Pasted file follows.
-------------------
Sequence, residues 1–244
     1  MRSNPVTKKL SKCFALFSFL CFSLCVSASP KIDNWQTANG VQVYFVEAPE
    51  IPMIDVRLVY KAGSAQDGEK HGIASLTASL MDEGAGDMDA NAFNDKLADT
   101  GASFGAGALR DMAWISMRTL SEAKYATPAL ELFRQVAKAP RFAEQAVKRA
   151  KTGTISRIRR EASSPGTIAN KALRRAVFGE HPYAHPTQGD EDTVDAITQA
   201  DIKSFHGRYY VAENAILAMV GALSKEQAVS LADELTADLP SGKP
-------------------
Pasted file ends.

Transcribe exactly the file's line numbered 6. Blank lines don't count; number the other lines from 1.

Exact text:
   201  DIKSFHGRYY VAENAILAMV GALSKEQAVS LADELTADLP SGKP